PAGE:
Oct. 3, 2017 – The U.S. Supreme Court today heard oral arguments in Gill v. Whitford, a case that challenges Wisconsin electoral maps on partisan gerrymandering grounds. Any decision is expected to have far-reaching implications on the redistricting process.
In Wisconsin, as in many states, the state legislature draws new maps every 10 years, giving the party in control an opportunity to reshape voting districts. Democrat voters challenged the voter districts that Republican lawmakers drew in 2011, arguing they crossed a constitutional line in manipulating maps for Republican advantage.
A landmark decision is expected, and the U.S. Supreme Court is known to issue major decisions in the final days of a given term. The court’s term ends in June next year, just months before the 2018 elections in November.
The case, one of numerous cases that followed the redistricting process in Wisconsin and elsewhere, drew nearly 50 amicus briefs, including briefs from members of Congress, state legislators, state governors, and groups on both sides of the issue.
The case originated in the U.S. District Court for the Western District of Wisconsin. A special three-judge panel ruled (2-1) that Republican lawmakers “systematically dilute[d] the voting strength of Democratic voters” and intentionally burdened their representation rights in violation of the U.S. Constitution when enacting the 2011 redistricting plans.
This morning, the case took center stage at the U.S. Supreme Court. According to a transcript from oral arguments, Wisconsin Solicitor General Misha Tseytlin defended the maps and said rejecting them would “shift districting from elected public officials to federal courts, who would decide the fate of maps based upon battles of the experts.”
Paul Smith, representing the plaintiff-Democrats challenging the maps, said the state is asking for "a free pass to continue using an assembly map that is so extreme that it effectively nullifies democracy."
A major sticking point is whether five justices believe the plaintiff-Democrats have pinpointed a “workable standard” to measure when partisan gerrymandering crosses the unconstitutional line. Prior cases demonstrate that some justices believe partisan gerrymandering is a “nonjusticiable” question that should not be decided by the courts.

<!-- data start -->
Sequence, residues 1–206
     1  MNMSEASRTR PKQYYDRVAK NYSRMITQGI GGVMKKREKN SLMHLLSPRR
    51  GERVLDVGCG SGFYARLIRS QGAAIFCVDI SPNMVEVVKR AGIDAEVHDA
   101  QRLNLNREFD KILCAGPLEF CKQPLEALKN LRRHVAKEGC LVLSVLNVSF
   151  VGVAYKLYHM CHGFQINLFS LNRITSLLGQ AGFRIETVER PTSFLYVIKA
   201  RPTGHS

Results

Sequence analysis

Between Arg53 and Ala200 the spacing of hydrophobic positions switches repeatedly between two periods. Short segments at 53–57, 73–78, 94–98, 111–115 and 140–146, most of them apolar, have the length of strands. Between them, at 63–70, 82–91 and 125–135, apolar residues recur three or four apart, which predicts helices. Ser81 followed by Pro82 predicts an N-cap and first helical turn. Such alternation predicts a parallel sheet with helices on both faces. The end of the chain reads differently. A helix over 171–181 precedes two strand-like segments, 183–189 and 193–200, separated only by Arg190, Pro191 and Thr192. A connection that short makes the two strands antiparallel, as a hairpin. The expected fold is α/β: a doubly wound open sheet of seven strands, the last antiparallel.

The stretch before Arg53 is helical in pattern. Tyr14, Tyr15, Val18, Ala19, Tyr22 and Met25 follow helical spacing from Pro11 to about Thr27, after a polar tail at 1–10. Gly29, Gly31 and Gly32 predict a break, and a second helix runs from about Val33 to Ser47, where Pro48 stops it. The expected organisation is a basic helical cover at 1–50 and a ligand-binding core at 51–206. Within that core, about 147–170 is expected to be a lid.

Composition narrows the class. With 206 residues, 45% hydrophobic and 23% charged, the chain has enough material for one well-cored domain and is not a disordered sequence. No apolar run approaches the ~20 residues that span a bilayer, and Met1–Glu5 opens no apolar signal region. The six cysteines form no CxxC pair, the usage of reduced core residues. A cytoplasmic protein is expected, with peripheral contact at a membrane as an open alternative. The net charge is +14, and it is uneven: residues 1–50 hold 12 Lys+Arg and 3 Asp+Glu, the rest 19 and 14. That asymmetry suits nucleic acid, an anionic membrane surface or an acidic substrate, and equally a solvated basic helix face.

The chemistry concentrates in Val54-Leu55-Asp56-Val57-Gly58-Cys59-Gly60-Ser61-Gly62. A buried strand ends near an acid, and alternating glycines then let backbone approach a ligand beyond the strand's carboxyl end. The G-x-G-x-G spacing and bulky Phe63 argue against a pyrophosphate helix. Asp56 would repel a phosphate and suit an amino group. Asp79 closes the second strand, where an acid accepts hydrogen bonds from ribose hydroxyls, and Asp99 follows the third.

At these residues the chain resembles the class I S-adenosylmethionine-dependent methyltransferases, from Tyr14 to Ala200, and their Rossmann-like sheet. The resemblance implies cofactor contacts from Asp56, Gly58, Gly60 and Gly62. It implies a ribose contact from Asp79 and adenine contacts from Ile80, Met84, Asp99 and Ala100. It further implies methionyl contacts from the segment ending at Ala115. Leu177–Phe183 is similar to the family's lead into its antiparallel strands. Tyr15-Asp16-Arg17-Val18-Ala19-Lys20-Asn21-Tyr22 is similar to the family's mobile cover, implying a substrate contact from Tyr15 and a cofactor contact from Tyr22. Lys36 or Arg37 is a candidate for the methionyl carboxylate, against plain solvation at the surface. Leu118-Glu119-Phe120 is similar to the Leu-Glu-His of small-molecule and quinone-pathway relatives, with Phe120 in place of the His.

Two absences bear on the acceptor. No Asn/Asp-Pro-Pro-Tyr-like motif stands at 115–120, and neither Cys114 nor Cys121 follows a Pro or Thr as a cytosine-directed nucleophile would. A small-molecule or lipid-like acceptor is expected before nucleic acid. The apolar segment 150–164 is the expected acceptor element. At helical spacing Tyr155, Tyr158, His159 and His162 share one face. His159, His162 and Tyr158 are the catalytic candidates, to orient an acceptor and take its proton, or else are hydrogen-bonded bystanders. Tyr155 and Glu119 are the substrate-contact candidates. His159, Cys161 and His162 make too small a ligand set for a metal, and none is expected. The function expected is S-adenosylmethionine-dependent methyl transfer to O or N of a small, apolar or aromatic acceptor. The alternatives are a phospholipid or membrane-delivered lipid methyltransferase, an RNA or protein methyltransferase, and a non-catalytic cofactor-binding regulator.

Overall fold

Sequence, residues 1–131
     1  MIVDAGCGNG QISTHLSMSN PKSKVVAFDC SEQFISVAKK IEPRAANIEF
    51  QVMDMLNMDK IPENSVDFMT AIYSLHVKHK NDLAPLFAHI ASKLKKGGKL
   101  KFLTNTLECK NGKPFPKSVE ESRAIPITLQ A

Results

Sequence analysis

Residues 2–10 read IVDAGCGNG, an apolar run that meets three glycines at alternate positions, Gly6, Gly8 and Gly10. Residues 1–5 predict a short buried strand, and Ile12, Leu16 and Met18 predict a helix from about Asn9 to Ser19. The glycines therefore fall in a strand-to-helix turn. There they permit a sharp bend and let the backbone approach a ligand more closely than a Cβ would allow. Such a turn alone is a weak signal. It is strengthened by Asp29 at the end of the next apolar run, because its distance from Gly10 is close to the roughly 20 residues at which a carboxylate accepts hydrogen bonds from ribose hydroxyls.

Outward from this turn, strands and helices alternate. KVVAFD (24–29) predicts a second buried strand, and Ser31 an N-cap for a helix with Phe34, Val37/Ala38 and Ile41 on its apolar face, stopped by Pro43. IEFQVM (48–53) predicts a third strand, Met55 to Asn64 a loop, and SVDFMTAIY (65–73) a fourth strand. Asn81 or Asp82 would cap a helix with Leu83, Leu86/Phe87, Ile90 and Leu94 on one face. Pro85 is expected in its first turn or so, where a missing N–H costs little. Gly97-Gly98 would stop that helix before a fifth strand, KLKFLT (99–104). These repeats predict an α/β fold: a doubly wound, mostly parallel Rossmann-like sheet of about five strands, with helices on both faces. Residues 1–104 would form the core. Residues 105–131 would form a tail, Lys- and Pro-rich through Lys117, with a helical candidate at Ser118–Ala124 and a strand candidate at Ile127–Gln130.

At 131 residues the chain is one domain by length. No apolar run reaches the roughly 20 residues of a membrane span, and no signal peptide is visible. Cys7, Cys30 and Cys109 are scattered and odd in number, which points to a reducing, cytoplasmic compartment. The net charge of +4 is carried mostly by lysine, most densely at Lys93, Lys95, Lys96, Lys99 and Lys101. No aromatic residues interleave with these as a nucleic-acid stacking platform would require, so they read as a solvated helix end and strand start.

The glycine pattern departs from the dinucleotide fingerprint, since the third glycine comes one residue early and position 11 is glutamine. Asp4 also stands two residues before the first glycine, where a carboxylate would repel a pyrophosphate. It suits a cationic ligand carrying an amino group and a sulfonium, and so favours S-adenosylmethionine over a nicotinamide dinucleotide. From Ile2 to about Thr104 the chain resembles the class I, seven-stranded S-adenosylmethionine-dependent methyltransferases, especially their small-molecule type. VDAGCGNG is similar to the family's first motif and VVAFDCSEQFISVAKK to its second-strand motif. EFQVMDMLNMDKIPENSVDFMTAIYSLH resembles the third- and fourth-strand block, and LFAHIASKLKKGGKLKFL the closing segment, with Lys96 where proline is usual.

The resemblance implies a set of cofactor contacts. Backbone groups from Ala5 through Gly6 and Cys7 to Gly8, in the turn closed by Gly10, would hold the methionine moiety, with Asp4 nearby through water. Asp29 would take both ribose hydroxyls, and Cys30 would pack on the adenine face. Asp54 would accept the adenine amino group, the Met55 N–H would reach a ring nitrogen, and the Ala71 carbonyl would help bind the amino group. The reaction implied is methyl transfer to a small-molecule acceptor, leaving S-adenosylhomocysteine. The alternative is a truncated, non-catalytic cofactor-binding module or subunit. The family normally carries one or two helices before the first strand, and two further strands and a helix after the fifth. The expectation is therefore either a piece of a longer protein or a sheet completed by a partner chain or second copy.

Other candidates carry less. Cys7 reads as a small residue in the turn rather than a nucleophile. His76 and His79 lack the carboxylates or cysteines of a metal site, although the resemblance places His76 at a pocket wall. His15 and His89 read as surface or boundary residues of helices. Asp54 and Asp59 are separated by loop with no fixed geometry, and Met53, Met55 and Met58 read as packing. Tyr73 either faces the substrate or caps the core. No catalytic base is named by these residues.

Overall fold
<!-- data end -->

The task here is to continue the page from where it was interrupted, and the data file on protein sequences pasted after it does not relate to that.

Legal commentators believe the case could be decided by the swing vote of Justice Anthony Kennedy, who has not foreclosed the possibility that partisan gerrymandering could be unconstitutional at some point if there is a workable standard to test it.
The plaintiff-Democrats believe they have identified the workable standard to test whether partisan gerrymandering goes too far.
University of Chicago professors developed the test, known as the “efficiency gap,” to measure the “wasted votes” that result when members of one political party are “packed” into certain districts or spread across districts to dilute their vote.
The special panel for the U.S. District Court in Wisconsin viewed the test as corroborating evidence that Republican-drawn maps had a discriminatory effect on Democrat voters that crossed the constitutional line, and were drawn with that intent.
But Democrats must convince at least five justices of the U.S. Supreme Court and in particular, it seems, they must convince Justice Kennedy. According to Greg Stohr at Bloomberg, Kennedy did not give many clues on his thinking this morning.
“Justice Anthony Kennedy, the likely swing vote, suggested he was open to putting limits on gerrymandering during an hour-long argument Tuesday,” Stohr wrote.
“But Kennedy left the ultimate outcome in doubt, giving few hints as to whether he was satisfied that the Democrats challenging the Wisconsin map had offered a manageable standard to separate unconstitutional maps from legitimate ones.”